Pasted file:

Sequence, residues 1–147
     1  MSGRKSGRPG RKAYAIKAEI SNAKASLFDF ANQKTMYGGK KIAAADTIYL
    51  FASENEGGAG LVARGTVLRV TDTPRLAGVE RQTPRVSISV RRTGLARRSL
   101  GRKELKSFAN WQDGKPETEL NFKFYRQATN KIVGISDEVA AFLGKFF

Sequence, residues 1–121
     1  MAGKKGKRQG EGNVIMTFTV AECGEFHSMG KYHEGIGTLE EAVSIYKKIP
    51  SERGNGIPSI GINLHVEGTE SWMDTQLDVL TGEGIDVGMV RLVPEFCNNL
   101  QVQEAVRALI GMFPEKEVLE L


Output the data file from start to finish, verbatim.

Sequence, residues 1–147
     1  MSGRKSGRPG RKAYAIKAEI SNAKASLFDF ANQKTMYGGK KIAAADTIYL
    51  FASENEGGAG LVARGTVLRV TDTPRLAGVE RQTPRVSISV RRTGLARRSL
   101  GRKELKSFAN WQDGKPETEL NFKFYRQATN KIVGISDEVA AFLGKFF

Sequence, residues 1–121
     1  MAGKKGKRQG EGNVIMTFTV AECGEFHSMG KYHEGIGTLE EAVSIYKKIP
    51  SERGNGIPSI GINLHVEGTE SWMDTQLDVL TGEGIDVGMV RLVPEFCNNL
   101  QVQEAVRALI GMFPEKEVLE L